Daily Bread 2020 #3
A Thought To Ponder:
On November 18, 1863 a large crowd gathered for the dedication of the National Cemetery at Gettysburg, Pennsylvania. Gettysburg was the site of the one of the most decisive and bloodiest battles of the American Civil War. Just a few short months prior, an estimated 46,000 to 51,000 men were wounded, captured, or killed in the course of the three day battle.
You most likely can quote the first few lines of President Lincoln’s speech on that day. Using an economy of 271 words, his speech is long remembered as one of the greatest speeches in American History. But, did you know that Lincoln was not the primary speaker on that day? His remarks came on the heels of a two-hour, 13,000 word oration given by Edward Everett. Regarded as one of the greatest speakers of his time, Everett delivered his speech eloquently never once referring to his notes.
On the day following the dedication, Edward wrote to the President and said, “I wish that I could flatter myself that I had come as near to the central idea of the occasion in two hours as you did in two minutes.”
Lincoln’s words made an indelible mark on our nation’s conscience and have endured in the 150 plus years that have followed. Like Christ’s words in the Lord’s Prayer, Lincoln employs some of the same words and images.
“But, in a larger sense, we can not dedicate—we can not consecrate—we can not hallow—this ground. The brave men, living and dead, who struggled here, have consecrated it, far above our poor power to add or detract. The world will little note, nor long remember what we say here, but it can never forget what they did here. It is for us the living, rather, to be dedicated here to the unfinished work which they who fought here have thus far so nobly advanced.”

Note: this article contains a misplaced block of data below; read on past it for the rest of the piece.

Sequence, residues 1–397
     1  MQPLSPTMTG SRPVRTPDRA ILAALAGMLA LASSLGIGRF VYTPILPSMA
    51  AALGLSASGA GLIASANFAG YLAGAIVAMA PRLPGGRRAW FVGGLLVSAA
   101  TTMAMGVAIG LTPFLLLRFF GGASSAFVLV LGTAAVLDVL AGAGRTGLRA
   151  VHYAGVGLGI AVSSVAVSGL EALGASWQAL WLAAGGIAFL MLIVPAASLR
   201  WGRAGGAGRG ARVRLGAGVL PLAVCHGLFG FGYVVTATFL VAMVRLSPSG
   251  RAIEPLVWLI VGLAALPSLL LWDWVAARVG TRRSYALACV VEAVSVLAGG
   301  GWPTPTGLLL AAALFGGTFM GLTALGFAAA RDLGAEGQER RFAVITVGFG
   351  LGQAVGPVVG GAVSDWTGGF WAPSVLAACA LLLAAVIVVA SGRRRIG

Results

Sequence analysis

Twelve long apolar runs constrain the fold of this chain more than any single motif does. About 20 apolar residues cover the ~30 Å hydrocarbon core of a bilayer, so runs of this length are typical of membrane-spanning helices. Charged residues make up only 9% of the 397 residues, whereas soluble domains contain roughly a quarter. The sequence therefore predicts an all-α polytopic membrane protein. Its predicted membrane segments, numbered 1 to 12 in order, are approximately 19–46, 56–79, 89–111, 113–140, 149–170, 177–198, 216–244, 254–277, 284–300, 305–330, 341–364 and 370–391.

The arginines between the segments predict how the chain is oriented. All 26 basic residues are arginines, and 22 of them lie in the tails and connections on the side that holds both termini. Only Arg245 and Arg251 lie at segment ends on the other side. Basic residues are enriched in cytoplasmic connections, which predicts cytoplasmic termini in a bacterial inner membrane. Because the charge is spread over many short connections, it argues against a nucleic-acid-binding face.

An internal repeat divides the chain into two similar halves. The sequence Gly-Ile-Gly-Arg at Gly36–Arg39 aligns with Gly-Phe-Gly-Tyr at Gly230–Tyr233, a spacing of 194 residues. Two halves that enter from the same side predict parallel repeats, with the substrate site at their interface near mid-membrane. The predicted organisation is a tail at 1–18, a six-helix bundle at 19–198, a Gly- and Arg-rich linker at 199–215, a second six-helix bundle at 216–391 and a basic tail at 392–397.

What Lincoln says of the ground, Jesus says about the name of the Lord. It is “hallowed, dedicated, consecrated.” Put simply, it is set apart for special honor. God’s name is to be hallowed because our God is all together different, higher, better, and greater than any other thing or person.
God isn’t just intrinsically holy, although He is, He is also to be kept holy. Set apart. Held up. Dedicated for praise. And we, the people that bear His name, are dedicated to that task. By our actions and our words and our interactions with other God-created beings we lift up His name. That’s what Jesus means when He says, “hallowed be your name.”
It doesn’t take two hours and 13,000 wise words to make this happen. We can simply lift up His name every chance we get.
Questions To Ask:
1. Think of some of the most impressive people you’ve ever met. What qualities set them apart from other “normal” people? What could they do that others couldn’t? What kind of aura did they project?
2. When you think about our God, what sets Him apart from other “gods?” What makes Him different?
3. What do you think God meant when He identified Himself to Moses as “I am that I am,” or “the God of Abraham, Isaac, and Jacob?” What’s significant about this name? What does it hold back or keep us from knowing?
4. How we keep the name of God holy? How do we sanctify His name? What actions can we take to lift up God’s name?
5. “To become a Christian is to be raised to the ultimate height in status because we suddenly become children of the God of the universe, and we have direct access to him because we are his children.” Scot McKnight
How does praying the Lord’s prayer remind us of our standing with God? How does it feel to “bear His name?” What do you want people to know about you if you are representing God to the world?
A Prayer For Change:
I was asked this week to share my favorite verse from a hymn. I immediately thought of these words Frederick Lehman wrote in 1917.
Could we with ink the ocean fill,
And were the skies of parchment made;
Were ev’ry stalk on earth a quill,
And ev’ry man a scribe by trade;
To write the love of God above
Would drain the ocean dry;
Nor could the scroll contain the whole
Tho’ stretched from sky to sky.
Oh, love of God, how rich and pure!
How measureless and strong!
It shall forevermore endure
The saints’ and angels’ song.
What words would you use to talk about the love of God?